Musicology is a systematic study of music in all of its forms of appearance. Musicology exists as an academic discipline that studies primarily composed and notated music, and is taught in universities across the world. Musicology, as a discrete field of study, has its origins in an article by Guido Adler published in 1883 in Germany. It set out a manifesto for the systematic and analytic study of music, and many of the points and methods outlined by him continue to be the modus operandi for musicologists worldwide. One prominent discipline which grew out of traditional musicology is ethnomusicology, or the study of music as culture. Whereas musicology tends to study works of music that are notated on scores, the individuals and history that created such works, ethnomusicology studies the music of the world, as an act of cultural expression. Another offshoot discipline is popular music studies, which takes conventional musicology methods and applies them to modern popular music. Popular music studies also borrows methods from other academic disciplines such as critical theory, feminist discourses, and gender and media studies.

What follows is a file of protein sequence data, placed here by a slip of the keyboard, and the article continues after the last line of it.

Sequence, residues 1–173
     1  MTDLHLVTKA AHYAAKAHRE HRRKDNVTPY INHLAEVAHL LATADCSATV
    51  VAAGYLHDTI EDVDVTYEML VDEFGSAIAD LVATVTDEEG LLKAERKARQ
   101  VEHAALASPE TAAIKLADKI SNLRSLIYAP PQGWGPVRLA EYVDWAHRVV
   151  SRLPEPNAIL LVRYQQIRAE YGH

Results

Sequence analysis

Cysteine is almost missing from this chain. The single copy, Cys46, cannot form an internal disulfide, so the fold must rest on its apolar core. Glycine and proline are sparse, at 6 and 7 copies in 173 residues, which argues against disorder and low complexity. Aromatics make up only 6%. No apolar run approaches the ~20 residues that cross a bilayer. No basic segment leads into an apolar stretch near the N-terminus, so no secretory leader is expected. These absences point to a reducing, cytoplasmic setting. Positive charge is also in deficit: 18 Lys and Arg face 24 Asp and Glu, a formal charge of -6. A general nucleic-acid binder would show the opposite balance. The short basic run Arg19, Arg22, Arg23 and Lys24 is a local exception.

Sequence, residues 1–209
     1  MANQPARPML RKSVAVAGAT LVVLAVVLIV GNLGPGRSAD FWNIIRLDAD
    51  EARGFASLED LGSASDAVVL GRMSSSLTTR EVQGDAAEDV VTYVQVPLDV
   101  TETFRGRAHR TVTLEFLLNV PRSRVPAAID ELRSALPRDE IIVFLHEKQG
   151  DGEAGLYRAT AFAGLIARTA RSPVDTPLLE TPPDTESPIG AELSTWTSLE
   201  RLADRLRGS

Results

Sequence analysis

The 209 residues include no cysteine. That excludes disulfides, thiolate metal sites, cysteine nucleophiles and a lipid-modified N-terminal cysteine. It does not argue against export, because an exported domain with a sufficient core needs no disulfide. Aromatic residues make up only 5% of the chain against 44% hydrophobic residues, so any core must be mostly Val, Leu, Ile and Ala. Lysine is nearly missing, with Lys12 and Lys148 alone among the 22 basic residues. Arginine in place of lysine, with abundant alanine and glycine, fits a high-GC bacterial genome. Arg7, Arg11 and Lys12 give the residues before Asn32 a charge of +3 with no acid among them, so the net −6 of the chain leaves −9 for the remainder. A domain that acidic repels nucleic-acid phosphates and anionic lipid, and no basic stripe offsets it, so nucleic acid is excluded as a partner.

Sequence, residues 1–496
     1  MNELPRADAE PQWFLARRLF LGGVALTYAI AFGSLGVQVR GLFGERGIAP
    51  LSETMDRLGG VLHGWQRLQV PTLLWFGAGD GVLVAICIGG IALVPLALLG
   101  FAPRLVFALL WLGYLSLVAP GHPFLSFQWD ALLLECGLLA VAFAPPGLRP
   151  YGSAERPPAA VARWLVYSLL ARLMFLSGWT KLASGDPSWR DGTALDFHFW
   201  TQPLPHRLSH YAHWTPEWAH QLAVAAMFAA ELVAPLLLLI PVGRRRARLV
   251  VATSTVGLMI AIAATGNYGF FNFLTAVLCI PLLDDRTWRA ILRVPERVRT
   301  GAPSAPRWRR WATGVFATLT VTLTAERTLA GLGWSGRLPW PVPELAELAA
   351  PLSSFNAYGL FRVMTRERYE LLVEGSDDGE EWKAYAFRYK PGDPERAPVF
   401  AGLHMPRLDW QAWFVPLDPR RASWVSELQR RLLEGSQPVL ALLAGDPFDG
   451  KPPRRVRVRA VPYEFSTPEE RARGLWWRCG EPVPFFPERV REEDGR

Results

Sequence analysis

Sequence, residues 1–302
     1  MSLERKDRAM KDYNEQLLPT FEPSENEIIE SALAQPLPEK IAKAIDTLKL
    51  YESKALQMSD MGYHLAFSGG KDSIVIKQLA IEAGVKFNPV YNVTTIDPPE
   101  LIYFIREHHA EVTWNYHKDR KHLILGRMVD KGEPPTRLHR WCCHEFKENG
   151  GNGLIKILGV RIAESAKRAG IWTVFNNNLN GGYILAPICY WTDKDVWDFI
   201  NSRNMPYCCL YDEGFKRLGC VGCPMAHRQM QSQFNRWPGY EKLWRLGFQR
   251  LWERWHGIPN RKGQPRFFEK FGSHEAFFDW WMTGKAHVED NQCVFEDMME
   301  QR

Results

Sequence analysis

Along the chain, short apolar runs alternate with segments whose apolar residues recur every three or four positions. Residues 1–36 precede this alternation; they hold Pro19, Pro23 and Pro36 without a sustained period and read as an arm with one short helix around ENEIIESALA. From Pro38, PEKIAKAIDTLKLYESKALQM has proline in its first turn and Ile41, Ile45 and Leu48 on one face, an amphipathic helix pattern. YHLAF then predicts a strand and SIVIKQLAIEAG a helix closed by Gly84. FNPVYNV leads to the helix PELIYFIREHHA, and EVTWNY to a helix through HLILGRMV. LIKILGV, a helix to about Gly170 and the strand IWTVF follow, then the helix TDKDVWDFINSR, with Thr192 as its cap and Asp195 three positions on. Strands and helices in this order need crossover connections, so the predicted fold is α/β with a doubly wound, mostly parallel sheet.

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American Music Resource
Searchable database of primary bibliographical and Internet sources for American music.
Digital Image Archive of Medieval Music
Archive of Early and Medieval music manuscripts and scores. Hundreds of scanned images available, with higher resolution ones for members.
German National Discography
Listing of all 78RPM recordings made in Germany from 1890-1960.
Music Ontology Specification
A SourceForge project for organizing the main concepts and properties for describing music (artists, albums, tracks, performances, arrangements) on the Semantic Web.
WWW Sites for Musicologists
Extensive collection of links.
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